• The only station known to me transmitting weather reports on long wave is a transmitter of the "Deutscher Wetterdienst" running on 147.3 kHz. (tune your receiver to 145.94 kHz, upper sideband)

  • If you have a receiver that does not tune below 150 kHz, you can probably receive the transmission of this stations, nevertheless, by using this trick: Tune the receiver to 150 kHz, select "lower sideband" (!), and in JVComm32, change the demodulator center frequency from 1360 Hz to 2700 Hz and klick the "Rev." button. Last, tune your receiver's BFO or it's passband tuning accordingly.

NAVTEX- transmission on 518 kHz

  • Corresponding reception mode in JVComm32: RTTY, sub-mode: NAVTEX

  • Tune your receiver to 516.64 kHz, upper sideband!

  • You need to be very patient when you first start try receiving NAVTEX stations unless you have a good, stable receiver. The stations only transmit every four hours for a short period of time. If you have just a simple receiver with only a BFO and an unprecise or instable frequency display, NAVTEX reception will become very tricky.

  • In the direct vicinity of the NAVTEX frequency, there are some other stations transmitting non-NAVTEX signals. Please do not mix up these transmissions with the real NAVTEX transmissions

  • Some weather stations on short wave are transmitting weather reports using a transmission mode "SITOR B", sometimes also named "FEC". You can receive these transmissions using the NAVTEX settings of JVComm32.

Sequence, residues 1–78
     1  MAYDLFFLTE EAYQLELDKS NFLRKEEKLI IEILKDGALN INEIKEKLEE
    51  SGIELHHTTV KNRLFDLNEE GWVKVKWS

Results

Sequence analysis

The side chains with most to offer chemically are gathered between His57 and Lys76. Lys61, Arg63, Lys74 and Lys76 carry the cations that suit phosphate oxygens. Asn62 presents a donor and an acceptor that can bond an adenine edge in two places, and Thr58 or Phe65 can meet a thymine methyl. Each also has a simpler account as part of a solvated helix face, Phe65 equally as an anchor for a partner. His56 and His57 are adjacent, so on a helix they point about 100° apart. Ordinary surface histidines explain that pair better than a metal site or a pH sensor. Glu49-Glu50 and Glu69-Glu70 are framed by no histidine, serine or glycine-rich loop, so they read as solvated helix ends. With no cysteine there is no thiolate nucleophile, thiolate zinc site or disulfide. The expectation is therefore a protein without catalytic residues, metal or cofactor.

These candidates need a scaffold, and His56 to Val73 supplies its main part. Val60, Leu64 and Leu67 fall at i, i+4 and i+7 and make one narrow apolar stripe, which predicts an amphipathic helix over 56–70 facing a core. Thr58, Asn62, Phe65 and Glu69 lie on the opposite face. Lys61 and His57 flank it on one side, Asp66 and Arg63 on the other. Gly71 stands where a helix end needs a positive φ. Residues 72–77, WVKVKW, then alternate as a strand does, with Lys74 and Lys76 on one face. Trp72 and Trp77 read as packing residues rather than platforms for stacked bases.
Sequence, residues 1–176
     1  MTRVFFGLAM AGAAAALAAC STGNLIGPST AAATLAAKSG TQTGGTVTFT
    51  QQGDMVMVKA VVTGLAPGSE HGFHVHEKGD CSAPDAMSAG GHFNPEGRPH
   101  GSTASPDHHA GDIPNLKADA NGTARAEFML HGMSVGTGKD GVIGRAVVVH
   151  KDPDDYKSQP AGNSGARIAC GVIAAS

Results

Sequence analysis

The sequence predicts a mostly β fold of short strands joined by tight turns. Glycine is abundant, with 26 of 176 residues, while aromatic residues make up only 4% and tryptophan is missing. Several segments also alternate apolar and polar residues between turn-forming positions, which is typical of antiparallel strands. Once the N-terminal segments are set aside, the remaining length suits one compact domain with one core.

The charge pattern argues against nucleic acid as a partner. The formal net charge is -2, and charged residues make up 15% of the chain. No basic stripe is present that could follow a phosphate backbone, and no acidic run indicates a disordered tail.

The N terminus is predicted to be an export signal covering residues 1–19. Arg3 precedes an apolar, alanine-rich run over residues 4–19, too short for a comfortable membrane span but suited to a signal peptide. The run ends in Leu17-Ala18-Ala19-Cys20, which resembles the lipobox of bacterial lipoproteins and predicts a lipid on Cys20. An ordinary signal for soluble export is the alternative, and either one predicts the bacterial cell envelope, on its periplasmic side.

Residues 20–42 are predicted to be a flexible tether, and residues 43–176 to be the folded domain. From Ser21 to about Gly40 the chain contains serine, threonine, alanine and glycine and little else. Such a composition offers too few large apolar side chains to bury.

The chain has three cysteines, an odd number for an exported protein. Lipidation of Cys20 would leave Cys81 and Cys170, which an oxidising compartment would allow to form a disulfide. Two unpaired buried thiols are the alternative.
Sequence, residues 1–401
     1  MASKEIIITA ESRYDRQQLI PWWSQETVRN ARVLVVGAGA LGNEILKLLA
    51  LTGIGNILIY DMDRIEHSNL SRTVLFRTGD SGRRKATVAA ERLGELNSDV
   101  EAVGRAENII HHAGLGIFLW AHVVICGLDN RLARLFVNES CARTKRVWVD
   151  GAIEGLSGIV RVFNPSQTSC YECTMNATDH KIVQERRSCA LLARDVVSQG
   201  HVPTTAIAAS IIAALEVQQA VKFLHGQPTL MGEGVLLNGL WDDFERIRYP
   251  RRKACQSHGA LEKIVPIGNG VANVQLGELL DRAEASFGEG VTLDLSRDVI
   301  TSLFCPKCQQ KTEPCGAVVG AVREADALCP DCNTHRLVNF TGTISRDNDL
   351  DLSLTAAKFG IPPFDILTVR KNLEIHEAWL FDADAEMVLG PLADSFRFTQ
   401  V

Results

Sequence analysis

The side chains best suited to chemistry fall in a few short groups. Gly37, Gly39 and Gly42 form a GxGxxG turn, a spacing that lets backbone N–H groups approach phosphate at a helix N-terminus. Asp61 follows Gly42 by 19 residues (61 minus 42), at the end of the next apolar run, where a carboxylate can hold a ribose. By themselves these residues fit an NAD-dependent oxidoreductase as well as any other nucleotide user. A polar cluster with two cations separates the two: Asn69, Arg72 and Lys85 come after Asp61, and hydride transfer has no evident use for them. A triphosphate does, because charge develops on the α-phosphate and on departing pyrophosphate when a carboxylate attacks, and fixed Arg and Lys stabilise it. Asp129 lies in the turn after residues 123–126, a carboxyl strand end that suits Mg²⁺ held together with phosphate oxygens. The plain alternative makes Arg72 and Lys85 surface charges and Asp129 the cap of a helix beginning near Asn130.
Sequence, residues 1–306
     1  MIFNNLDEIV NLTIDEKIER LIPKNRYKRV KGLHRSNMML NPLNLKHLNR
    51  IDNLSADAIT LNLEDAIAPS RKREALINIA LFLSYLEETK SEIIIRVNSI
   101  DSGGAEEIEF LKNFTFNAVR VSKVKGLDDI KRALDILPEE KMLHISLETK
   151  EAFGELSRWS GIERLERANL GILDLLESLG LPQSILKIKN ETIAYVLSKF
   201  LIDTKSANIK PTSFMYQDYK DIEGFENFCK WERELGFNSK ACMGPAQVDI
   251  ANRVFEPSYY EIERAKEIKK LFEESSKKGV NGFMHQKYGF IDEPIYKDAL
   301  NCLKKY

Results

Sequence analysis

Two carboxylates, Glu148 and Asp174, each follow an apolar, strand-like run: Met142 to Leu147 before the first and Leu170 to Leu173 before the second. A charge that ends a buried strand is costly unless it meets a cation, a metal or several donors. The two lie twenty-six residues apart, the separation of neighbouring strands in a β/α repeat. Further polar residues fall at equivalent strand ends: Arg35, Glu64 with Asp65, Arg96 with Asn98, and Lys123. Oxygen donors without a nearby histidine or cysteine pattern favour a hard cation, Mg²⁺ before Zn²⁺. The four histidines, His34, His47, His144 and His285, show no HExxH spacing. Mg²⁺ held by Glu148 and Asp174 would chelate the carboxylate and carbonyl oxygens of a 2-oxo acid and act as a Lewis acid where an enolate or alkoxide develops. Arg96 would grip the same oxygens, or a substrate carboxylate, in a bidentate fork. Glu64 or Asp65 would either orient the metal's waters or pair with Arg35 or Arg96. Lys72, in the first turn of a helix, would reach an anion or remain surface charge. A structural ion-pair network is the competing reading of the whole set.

Weather satellites - (here: polar orbiting NOAA satellite in the 137 MHz frequency range

  • These satellites use a transmission mode named "AM-Fax". Please do not get confused by the letters "AM". You need a FM receiver for the reception of those satellites. A simple scanner receiver will do, but the results are normally below optimum because of the too narrow bandwidth of these receivers. Nevertheless, with a little luck, one can get tremendously looking pictures with just a scanner receiver.

  • A good, external antenna is a >>must<< for receiving weather satellites since these satellites have only a very week transmission power.
    A vertically polarized antenna is not that well suited since it is almost "deaf" for signals coming from straight above. You can find some do-it-yourself proposals for good antennas as well as a lot of commercial offers on the internet. For more information on weather satellite reception, have a look

  • The transmission parameters of the different satellite types (NOAA, METEOR, OKEAN, ...) vary slightly. In JVComm32, there are different sub-modes defined for the different type of satellites. The reception mode is always "FAX"

Ham (amateur) radio SSTV transmission

  • Most SSTV activity can be monitored on or in the vicinity of the frequencies 3730 kHz (lower sideband), or 14230 kHz (upper sideband).

  • There exist a lot of different SSTV transmission modes. Most of them, however, sound very similar to the above sample. All modern SSTV reception programs (including JVComm32, of course) detect the transmission mode automatically so that the user does not have to do any guesswork on what mode to choose.

  • The above sound sample is taken from a transmission that was made using the "Martin 1" mode.